Sep 27, 2019
Source: Everyday Health
Keeping Your Relationship Strong After a Schizophrenia Diagnosis
With the right help, it’s possible to maintain a healthy long-term relationship after your partner is diagnosed with schizophrenia.
Schizophrenia could put a strain on your relationship.
Every relationship has its ups and downs, but when one person is diagnosed with schizophrenia, it’s possible for even stable partnerships to become strained or for couples to break up altogether.
“Schizophrenia makes it hard for people to form close bonds,” says Dost Öngür, MD, clinical director of the Schizophrenia and Bipolar Disorder Research Program at McLean Hospital in Belmont, Massachusetts. Often, people with schizophrenia who are married met their partner before being diagnosed with the condition. Single people who have schizophrenia, however, “tend to stay single,” he says.
For people whose partner was healthy when the relationship began, the onset of schizophrenia can come as a shock. The disease can change a person’s behavior and personality, and symptoms can make even the most caring and loving individuals appear distant and cold.
Caring for a Partner Who Has Schizophrenia
Frank Baron, who has schizoaffective disorder, a type of mental illness that triggers symptoms similar to schizophrenia, says that when someone is newly diagnosed with a disorder like schizophrenia, their loved ones should try to show compassion. “The best thing to say is, ‘I love you and I care about you. This doesn’t change how I feel about you,’” he says.
Caring for a loved one who has schizophrenia can be a huge job that’s both tiring and frustrating at times. The following advice can help keep the relationship going strong. To find more resources, you can also contact your local chapter of the National Alliance on Mental Illness (NAMI) or ask your doctor or therapist for information about local support groups.
The caregiver should set up their own support system. If your partner has schizophrenia, they may not be able to meet your emotional needs as well as they once did. Plus, according to a study published in October 2017 in the journal Psychiatric Services, caregivers to people who have schizophrenia tend to experience relatively high levels of distress. That’s why it’s important to have access to mental health support, such as a counselor or therapist. Friends and family can also provide a listening ear or a much-needed distraction.The person who has schizophrenia must accept treatment.
Left untreated, the condition can cause people to behave erratically, leaving their partners to become subject to verbal abuse, emotional neglect, and delusional accusations. No healthy relationship can sustain these behaviors. Both partners must communicate. Open and clear communication can help people who have schizophrenia find the support they need as well as understand what’s expected of them in the relationship. In addition to individual therapy, couples therapy can help both partners cope with the effects of schizophrenia on the relationship.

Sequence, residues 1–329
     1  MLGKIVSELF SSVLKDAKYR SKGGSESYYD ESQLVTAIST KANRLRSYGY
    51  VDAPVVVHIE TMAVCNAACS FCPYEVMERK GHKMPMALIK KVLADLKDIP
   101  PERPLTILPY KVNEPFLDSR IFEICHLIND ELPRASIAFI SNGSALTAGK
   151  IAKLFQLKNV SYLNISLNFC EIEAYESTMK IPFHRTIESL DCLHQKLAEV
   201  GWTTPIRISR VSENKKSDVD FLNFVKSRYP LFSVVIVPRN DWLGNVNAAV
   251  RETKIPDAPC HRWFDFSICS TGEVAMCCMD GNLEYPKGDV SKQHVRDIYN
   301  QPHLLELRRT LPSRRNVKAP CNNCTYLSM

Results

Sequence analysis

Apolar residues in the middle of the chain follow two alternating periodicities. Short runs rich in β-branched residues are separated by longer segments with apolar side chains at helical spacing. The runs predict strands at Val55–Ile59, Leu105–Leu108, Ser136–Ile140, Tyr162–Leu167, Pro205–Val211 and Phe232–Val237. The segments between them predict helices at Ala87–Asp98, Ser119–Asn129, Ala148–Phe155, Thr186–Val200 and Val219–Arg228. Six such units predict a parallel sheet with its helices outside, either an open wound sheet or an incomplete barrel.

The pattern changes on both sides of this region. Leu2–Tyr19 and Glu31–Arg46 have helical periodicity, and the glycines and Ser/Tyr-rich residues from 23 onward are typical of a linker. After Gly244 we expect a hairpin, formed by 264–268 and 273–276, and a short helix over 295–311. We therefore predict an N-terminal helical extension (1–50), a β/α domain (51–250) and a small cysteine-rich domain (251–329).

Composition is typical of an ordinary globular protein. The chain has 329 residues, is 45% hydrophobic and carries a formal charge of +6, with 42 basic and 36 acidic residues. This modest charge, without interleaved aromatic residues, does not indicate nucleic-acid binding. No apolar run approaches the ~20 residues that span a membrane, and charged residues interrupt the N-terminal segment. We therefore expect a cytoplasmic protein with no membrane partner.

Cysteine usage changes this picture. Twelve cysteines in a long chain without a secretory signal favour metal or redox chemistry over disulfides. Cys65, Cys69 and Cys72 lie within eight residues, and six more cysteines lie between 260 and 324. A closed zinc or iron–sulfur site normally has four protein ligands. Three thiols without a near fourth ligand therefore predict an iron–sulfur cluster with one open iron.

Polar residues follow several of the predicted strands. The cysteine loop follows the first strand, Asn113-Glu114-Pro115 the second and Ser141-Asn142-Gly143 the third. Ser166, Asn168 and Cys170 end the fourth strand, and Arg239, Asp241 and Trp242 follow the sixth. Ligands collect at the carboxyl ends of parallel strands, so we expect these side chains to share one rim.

Schizophrenia and Relationships: Challenges and Solutions
Every couple juggles everyday tasks like household chores and balancing finances, but people who have schizophrenia may need extra help managing their responsibilities. This may include:
Dr. Öngür explains that schizophrenia impacts the way people read social cues, meaning your partner may not be able to recognize what you want them to do around the house. Counseling can help caregivers learn how to set clear expectations in a supportive and positive way. Defining each partner’s responsibilities around the house is another strategy.
People who have schizophrenia are not always able to work, even after their symptoms are stabilized. If this is the case, applying for Social Security disability benefits can help. Medications for schizophrenia can be expensive, and frequent co-pays can add up. Let your doctors know about your financial situation as well, because some clinics charge on a sliding scale.
Schizophrenia may cause people to become less interested in sex, as can some antipsychotic medications. Try talking to a couples therapist, who can help you express your needs and wants. You can also ask your partner’s doctor about switching to medications that are less likely to affect libido or adding drugs that can boost sexual response.
People who have schizophrenia can behave irrationally, have trouble thinking clearly, and struggle with everyday emotions, which can be confusing, frightening, or hurtful to family members and lead to conflicts within the family. It’s important to clearly define acceptable and unacceptable behaviors at home and in other settings, especially if you have children.